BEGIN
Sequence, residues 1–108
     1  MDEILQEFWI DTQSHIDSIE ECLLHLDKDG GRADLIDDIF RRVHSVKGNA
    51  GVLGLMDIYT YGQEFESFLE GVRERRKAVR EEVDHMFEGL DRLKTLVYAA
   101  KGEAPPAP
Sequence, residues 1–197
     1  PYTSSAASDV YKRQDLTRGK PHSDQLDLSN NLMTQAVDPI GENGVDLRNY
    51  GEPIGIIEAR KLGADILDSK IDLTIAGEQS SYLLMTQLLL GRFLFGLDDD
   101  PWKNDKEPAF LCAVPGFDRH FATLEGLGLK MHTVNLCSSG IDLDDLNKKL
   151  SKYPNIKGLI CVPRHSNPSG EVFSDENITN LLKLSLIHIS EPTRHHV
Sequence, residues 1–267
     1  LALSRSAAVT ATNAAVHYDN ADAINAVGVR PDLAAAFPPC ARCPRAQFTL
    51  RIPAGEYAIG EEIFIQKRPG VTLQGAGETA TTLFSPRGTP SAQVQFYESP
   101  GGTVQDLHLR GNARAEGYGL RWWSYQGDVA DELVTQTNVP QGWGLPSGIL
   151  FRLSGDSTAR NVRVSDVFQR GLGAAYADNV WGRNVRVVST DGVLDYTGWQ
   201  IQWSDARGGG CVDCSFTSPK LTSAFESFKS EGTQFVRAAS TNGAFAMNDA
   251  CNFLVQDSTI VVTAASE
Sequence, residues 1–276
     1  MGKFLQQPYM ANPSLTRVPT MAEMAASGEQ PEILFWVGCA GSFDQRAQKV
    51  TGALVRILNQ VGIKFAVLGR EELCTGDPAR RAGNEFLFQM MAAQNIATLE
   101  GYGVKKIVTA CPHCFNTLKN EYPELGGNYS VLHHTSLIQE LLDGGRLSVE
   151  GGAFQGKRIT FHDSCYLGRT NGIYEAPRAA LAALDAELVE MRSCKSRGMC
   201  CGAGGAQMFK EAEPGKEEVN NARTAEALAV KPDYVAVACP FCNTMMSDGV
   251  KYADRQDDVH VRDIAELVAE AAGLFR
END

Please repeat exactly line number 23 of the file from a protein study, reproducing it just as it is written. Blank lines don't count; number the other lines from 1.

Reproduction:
   251  KYADRQDDVH VRDIAELVAE AAGLFR